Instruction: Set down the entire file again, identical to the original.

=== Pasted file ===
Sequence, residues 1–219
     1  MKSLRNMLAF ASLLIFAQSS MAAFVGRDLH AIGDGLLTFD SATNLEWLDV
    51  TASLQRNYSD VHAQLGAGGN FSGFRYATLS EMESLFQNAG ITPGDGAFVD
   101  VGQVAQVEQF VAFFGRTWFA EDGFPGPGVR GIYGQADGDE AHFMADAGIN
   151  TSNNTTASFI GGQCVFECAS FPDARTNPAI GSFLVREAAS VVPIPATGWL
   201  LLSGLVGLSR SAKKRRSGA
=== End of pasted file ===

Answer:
Sequence, residues 1–219
     1  MKSLRNMLAF ASLLIFAQSS MAAFVGRDLH AIGDGLLTFD SATNLEWLDV
    51  TASLQRNYSD VHAQLGAGGN FSGFRYATLS EMESLFQNAG ITPGDGAFVD
   101  VGQVAQVEQF VAFFGRTWFA EDGFPGPGVR GIYGQADGDE AHFMADAGIN
   151  TSNNTTASFI GGQCVFECAS FPDARTNPAI GSFLVREAAS VVPIPATGWL
   201  LLSGLVGLSR SAKKRRSGA